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With city, county schools closed, how is education continuing?

Area public school districts continue with education despite COVID-19 outbreak.

With schools closed and students learning at home, the Brookhaven School District and the Lincoln County School District are still providing educational material.

“It’s a lot going on,” BSD Superintendent Ray Carlock said.

The Brookhaven School District has been distributing packets to their students since March 16. As of now, students can receive a new packet every two weeks.

“There’s tons and tons of packets being picked up,” Carlock said.

BSD students also have access to online enrichment sources through the school district’s website.

While the work is not mandatory, students are encouraged to turn it in.

“We want the kids to have them, but they’re not required to be turned back in,” Carlock said.

BSD students can take a picture of the answer sheet in their packet and email it to their respective teacher. Some students may be eligible for extra credit.

“We’re trying to help those that are failing to pick up some points this last nine weeks,” Carlock said.

The district’s teachers are staying busy as they prepare material for the packets being distributed. Teachers are also revising their curriculums as needed and assisting with the food program.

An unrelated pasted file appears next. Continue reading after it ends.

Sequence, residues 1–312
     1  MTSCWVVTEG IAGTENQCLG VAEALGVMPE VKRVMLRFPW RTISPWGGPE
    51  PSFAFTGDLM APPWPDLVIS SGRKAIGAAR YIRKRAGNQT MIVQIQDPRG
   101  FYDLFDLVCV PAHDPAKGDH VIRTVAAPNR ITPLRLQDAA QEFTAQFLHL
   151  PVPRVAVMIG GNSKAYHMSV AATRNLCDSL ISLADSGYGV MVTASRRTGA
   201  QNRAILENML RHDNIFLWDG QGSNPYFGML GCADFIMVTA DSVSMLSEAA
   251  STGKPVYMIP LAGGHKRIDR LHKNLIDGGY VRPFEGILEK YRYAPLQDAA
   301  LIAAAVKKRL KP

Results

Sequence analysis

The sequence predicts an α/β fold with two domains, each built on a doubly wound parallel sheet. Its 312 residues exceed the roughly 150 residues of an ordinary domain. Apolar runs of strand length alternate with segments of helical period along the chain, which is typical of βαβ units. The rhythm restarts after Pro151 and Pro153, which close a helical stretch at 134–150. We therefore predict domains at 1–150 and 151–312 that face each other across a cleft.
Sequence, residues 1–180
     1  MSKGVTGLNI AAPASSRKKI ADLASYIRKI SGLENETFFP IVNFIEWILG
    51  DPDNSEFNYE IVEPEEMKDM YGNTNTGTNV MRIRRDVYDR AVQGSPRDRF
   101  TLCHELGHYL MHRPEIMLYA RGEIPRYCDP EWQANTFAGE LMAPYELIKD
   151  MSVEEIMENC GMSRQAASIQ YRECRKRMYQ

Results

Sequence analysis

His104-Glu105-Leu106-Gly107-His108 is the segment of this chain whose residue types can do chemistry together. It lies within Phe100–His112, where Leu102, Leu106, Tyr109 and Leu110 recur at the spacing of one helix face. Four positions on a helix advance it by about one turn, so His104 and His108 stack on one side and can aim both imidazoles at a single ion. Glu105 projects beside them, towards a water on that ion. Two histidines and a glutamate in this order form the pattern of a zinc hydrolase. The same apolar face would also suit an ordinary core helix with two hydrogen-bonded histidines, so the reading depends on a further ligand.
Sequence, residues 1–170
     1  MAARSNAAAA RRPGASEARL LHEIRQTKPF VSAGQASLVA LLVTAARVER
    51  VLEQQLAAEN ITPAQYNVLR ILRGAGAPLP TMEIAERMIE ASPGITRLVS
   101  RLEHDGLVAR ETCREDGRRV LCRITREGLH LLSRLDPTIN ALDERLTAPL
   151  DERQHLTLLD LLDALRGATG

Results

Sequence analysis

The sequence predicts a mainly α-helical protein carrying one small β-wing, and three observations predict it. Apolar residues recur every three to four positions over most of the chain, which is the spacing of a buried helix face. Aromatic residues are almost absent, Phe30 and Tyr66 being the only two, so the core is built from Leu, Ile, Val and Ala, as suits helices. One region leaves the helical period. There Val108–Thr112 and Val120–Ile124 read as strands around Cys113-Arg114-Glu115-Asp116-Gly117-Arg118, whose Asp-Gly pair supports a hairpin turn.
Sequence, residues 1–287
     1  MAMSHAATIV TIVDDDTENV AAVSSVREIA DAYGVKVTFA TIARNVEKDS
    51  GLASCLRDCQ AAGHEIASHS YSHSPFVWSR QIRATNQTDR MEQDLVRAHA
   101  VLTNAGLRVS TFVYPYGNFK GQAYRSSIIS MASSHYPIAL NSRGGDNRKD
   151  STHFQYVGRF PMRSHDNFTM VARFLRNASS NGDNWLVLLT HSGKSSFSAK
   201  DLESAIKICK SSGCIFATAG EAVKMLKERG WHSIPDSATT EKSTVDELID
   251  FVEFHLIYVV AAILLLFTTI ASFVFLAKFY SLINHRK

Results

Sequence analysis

“It’s a very trying time for everyone,” Carlock said.

Carlock hopes to see students reach their potential during this time.

“We would like for our students to be closer to grade level and mastering the standard,” Carlock said. “It’ll be interesting to see test scores next year.”

The Lincoln County School District is following a similar plan. Teachers have been preparing customized packets to distribute and alerted students about other learning options found online.

“We’re going to continue the same as we’ve been doing,” LCSD Superintendent Mickey Myers said.

Packets are available to each grade and for each subject and are being distributed every two weeks.

“We’re going to try and have all of our work collected by May 11,” Myers said. “We are accepting packets back with credit recovery.”

This effort is geared toward students who were on the border of passing and failing as of March 6.

With the distribution of schoolwork, teachers have stayed in contact with their students via electronic services such as Zoom and GroupMe.

“Teachers are maintaining academic instruction, but are also keeping in touch with students,” Myers said. “These kid’s lives have suddenly been interrupted.”

Myers hopes to see something positive result from this uncertain time.

“I pray that we’ll stop taking things for granted,” Myers said. “I hope we return with a higher zeal to mold and shape the students of this county.”

 

Story by Gracie Byrne